How nice it is to have something that treats this love between siblings with dignity and depth. I would very much like to see these works adapted for the screen.

Have I been clear enough?  Buy all three!
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  1. Recently, the light novel series "Ore no Imouto ga Konnani Kawaii Wake ga Nai" which translates to "My little sister can't be this cute" finished it's adaption into anime form. The story is about a guy named Kyousuke who finds out his sister is an otaku who likes eroge (with a big obsession on little sister eroge and) and magical girl anime. This surprises Kyousuke because for the past few years Kirino has barely talked to him, and when she did, it's like she hated him. The story goes that he helps her keep her hobbies a secret from their parents, who don't like things like anime. And he also helps her with other things like finding friends that she can talk to about her hobby. Doing this, he starts to mend the relationship that they lost (because they used to be very close). We the viewers also begin to learn what caused the two to drift apart as well as the reasons Kirino acts so cold to Kyousuke.

    It has a fairly realistic take on the subject for an anime.

    Obviously this next section has a bit of a spoiler if you haven't seen any of the show.

    I just watched episode 14 of the second season, and most of the things Kyousuke said reminded me of a lot of what I feel as a brother. I've got to admit that I'm a Kyousuke and kirino fan, so I'm a bit biased, but I feel for both of the characters. Going through a lot of what they go through. Even Kirino, while she acts cold to Kyousuke, you can tell on the inside he's the most important person in her life, as you watch the series, you see just how much hand he has had in shaping her, to be who she became. And vice versa, as he tries to mend their relationship, you can see him becoming who he is at the end of the series, we see him turn from a man who is apathetic, lazy, and probably depressed, into a guy who does so much for Kirino and her friends, by regaining his old self and you see him becoming more and more happy.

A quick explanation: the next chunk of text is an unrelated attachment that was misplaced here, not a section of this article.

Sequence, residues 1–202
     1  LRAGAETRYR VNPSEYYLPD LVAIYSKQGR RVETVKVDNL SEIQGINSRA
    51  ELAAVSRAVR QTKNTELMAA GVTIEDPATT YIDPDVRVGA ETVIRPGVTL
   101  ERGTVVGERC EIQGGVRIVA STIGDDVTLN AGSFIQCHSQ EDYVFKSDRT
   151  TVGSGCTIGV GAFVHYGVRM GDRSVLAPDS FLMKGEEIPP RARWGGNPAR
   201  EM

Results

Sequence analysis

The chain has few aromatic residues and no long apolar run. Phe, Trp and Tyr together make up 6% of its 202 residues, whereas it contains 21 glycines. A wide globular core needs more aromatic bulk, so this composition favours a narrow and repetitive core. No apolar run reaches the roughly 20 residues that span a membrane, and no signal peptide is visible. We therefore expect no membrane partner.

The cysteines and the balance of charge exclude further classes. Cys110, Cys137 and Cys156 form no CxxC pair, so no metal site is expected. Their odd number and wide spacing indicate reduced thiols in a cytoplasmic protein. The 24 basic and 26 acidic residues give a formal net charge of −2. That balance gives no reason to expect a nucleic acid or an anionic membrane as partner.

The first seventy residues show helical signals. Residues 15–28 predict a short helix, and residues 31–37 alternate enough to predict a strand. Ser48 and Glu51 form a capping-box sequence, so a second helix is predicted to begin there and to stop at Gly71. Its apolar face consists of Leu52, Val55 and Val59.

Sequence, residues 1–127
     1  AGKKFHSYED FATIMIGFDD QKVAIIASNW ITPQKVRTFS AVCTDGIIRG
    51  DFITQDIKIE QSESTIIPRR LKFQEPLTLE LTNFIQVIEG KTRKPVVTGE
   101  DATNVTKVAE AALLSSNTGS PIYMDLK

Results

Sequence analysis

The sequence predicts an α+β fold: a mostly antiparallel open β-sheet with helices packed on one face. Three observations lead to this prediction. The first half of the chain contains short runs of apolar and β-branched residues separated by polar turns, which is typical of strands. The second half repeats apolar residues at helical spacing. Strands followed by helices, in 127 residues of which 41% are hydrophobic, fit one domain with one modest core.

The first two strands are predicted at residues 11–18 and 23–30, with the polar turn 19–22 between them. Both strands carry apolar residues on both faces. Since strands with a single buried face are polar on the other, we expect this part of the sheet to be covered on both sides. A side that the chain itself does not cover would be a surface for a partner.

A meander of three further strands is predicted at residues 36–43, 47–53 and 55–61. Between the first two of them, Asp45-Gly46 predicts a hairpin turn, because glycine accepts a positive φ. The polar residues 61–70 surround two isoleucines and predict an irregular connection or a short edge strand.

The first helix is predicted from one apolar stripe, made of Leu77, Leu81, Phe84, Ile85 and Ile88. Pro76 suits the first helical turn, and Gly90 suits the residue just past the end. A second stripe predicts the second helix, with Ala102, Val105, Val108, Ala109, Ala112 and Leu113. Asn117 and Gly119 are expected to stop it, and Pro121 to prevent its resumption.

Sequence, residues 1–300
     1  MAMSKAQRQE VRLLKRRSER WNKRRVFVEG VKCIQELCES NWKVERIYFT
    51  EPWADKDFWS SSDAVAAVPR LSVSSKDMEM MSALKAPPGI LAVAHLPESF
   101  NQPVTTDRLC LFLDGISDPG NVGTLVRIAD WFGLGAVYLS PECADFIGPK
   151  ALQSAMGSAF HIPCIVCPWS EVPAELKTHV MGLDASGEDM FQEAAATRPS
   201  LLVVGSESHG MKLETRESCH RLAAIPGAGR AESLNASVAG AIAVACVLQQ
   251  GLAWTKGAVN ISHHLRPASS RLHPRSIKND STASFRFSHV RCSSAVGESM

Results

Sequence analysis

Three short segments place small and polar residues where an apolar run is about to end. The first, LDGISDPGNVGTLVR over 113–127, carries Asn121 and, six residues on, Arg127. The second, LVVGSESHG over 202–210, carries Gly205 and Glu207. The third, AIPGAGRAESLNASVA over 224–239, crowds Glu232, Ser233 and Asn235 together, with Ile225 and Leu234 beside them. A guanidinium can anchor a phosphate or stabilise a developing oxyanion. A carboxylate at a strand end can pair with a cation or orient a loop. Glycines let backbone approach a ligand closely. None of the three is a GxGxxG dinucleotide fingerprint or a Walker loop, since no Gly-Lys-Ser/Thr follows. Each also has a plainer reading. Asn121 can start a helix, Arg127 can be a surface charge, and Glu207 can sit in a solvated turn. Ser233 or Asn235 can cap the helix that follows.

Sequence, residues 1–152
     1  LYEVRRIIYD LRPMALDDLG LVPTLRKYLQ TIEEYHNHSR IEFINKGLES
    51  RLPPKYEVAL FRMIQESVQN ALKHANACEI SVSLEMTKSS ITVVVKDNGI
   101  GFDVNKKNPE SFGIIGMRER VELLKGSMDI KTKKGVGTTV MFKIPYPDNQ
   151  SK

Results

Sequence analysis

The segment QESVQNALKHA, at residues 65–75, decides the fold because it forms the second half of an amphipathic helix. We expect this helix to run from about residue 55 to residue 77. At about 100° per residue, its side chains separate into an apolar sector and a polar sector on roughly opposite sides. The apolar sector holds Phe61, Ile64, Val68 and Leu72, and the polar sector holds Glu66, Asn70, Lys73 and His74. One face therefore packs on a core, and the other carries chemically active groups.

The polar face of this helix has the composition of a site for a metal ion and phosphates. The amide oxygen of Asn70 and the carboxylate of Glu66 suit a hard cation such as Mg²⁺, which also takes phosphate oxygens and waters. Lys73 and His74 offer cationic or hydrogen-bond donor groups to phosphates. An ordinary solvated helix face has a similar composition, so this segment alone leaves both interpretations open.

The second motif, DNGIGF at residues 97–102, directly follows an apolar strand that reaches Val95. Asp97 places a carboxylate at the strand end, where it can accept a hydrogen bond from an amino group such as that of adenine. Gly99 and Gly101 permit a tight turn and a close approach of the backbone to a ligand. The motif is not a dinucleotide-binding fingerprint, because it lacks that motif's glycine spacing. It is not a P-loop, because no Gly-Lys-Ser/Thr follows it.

End spoiler

    BTW, I've been reading this series of books and I agree that they are good. I'm still on the first one, but its been good so far.

  2. Hi IchigoRadiance,

    Glad you are enjoying the book! Thank you for giving it a chance.

    I had not heard of that novel nor the anime. I'll have to check it out.

    All the best, DIane

  3. I would recommend "True Love" instead. ( ) It's ongoing, both the scanlation, and the series in Japan. (Since it's a scanlation, so it's right to left, like in Japan). It's turning out to be quite sad, though. Half the reason I read so much Japanese stuff is just that there are more stories about loving consanguineous couples there than here. Here, there's much more judgment. You can see it reflected in the difference in our laws.

    1. Okay, holy crap. "True Love" has become amazing. It's not going in the way I would've expected, even for a Japanese drama. As long as it doesn't resort to cheap melodramatic tragedy later on, it could end up being my favorite consanguineous romance in fiction, above "Love Wind". (FYI, it's from Japan, so it's read right-to-left.)

    2. Are you sure? Last time I checked (True Love) there was a twist and they were going the stepsibling route. Which was actually crazy considering 100% of the reader's were fine with consanguinity (I mean otherwise they would've dropped the series) There was no need to go the stepsibling route. Ironically the parents of the main were sibs.

      Forbidden by Tabitha Suzuma gets a lot praise. It's a decent read though I disliked the ending.

      I would NOT recommend Ore no Imouto because it is unrealistic (both character design and build up of the relationship) and has ecchi elements.

      I know it sounds really negative but there needs to be more & better representation in media.